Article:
The Rise of the Female PT: Surge of UK Women Becoming Fitness Professionals

rise of female personal trainers

An increasing number of women in the UK are seeking out fitness, not only as a means to improve their health and challenge stereotypes regarding women’s physical strength, but also as a full-time career.

While recent statistics highlight that the number of women entering a fitness-based profession has increased in the last five years, women have in fact been at the forefront of the health, fitness and wellness community for quite some time now.

Women are more often than not targeted with exercise-related products and services; and yet, there has long been a disproportionate lack of representation when it comes to occupying formal roles within the industry, though new findings suggest that this is changing.

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A 2021 study conducted by the UK’s leading personal training course provider, OriGym Centre of Excellence, revealed that in the last five years, the UK has seen a 17% increase in women becoming qualified as personal trainers. 

For comparison, in 2016, OriGym enrolled a total of 987 students onto level 3 personal training courses, of which just 26% were female. The most recent report highlighting 2020 figures saw 7,018 students sign up to the same course, this time 43% of those were female.

Statistics recorded between this time have shown a year on year increase in the number of female students enrolling into personal training courses, with the ratio gap of men to women consistently minimising. 

This new information stands as evidence to suggest that the fitness industry is becoming much more gender inclusive from a professional standard, and by the current trend is forecasted to see an equal split between genders within the next few years. 

The distinction between male or female trainers may seem arbitrary given knowledge, experience and skill are not based on gender, and it’s for that reason why having a comparatively fewer number of female personal trainers is concerning and a change has been longed for.

female personal trainers

Helena Phil, a personal trainer who has been in the fitness industry for over 25 years, told OriGym: 

“Female PTs have definitely risen over the years. I think social media platforms have definitely helped with the rising of female trainers, particularly encouraging other females to up their game and lead a healthy lifestyle. 

“[The rise] definitely has had a huge impact with empowering women to be more body confident and to lead as role models to their children.”

Adding to why this increase offers great benefits to the industry, Phil said: “Some women get intimidated by a male trainer, not feeling their needs being met. A female trainer is also ideal for Muslim ladies and those of other religions too who would opt for a women over a male trainer.”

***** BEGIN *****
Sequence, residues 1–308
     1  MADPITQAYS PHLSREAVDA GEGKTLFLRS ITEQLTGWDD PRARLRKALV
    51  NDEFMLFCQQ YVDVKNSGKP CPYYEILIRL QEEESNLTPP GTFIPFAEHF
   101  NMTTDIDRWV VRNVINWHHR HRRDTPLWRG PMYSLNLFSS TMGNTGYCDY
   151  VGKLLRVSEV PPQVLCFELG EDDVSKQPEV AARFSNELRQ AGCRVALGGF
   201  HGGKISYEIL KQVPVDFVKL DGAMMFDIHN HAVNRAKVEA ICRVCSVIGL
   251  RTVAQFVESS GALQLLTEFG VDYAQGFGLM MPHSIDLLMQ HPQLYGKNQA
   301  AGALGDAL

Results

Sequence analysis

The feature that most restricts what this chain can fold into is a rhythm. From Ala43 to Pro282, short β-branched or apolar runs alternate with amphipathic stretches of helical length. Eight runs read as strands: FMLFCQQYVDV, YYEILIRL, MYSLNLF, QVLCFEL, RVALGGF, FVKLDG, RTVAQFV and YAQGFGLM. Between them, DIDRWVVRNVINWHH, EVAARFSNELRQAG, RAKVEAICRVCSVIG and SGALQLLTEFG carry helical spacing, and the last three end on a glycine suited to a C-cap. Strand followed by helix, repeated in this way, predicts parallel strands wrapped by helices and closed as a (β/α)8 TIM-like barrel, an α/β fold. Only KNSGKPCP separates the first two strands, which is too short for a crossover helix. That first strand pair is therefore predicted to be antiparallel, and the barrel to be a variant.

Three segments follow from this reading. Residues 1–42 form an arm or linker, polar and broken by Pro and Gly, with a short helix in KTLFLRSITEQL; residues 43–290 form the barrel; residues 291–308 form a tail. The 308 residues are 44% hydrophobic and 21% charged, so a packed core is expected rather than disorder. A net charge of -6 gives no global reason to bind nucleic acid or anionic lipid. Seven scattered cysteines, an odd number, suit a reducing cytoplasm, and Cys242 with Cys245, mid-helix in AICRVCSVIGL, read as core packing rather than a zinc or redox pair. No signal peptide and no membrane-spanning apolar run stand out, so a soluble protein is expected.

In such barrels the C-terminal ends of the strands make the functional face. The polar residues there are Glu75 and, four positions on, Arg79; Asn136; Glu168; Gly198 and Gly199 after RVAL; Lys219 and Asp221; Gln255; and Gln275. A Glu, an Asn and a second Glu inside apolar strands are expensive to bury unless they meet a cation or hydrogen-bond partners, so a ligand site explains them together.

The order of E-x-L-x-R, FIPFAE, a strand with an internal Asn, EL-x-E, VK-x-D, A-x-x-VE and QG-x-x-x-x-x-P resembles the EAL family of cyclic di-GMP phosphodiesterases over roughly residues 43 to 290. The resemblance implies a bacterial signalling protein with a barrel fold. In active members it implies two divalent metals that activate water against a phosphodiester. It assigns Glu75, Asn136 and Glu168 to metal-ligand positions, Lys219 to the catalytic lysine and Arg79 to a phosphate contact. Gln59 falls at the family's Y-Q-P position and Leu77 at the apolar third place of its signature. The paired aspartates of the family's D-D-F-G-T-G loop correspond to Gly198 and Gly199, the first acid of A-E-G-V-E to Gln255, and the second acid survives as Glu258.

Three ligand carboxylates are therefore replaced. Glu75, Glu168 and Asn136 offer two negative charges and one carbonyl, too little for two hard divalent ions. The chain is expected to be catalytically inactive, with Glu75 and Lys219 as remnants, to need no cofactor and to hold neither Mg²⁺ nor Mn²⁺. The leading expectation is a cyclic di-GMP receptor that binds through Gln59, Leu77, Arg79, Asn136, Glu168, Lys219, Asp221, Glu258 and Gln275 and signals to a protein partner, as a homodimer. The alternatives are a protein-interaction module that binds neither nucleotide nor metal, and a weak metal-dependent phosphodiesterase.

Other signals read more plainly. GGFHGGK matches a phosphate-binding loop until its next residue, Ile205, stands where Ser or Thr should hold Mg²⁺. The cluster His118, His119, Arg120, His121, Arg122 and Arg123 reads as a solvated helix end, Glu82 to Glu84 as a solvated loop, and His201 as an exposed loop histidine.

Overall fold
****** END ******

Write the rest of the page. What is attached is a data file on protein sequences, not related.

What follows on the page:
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Alongside personal training, there have been a number of initiatives developed in the last few years to encourage more women to take up exercising and become more involved in the health and wellness industry.

In 2015, Sport England found that there were a total of two million fewer women participating in sport than men, with the main protagonist being “fear of being judged” as opposed to desire to participate. In a bid to combat this gender gap and inspire more women to become physically active, the initiative “This Girl Can” was launched by Sport England, which gained massive traction and publicity. 

It was the first of its kind to feature women of all shapes, sizes and sporting abilities in their television advertisements and visual campaigns.

To date the campaign has helped an estimated 2.8m women get more involved in exercise, 1.6m of which began exercising for the first time, and the remaining 1.2m increased their existing exercise involvement.

The effects of initiatives and campaigns such as these could be one of the major catalysts as to why more women are not just increasing sporting and physical activity, but taking it up as their career.

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Tara Dillion, CEO of CIMSPA (the professional development body for the UK’s sport and physical activity sector), supported the 2015 movement and believes it is necessary to have more initiatives that engage more women in the fitness sector, from both a professional and leisure perspective. 

She said: "It's fantastic to see more women choosing personal training as a career. It's also not surprising, because thanks to the professionalism of all of our members, fitness and physical activity is increasingly becoming recognised as a profession that offers brilliant career development and longevity.

"With successful campaigns like Sport England’s #ThisGirlCan getting more and more women interested in fitness, there is a growing need for qualified female instructors who understand the specifics of women’s training needs and I can only see that continuing as we emerge from the shadow of Covid-19."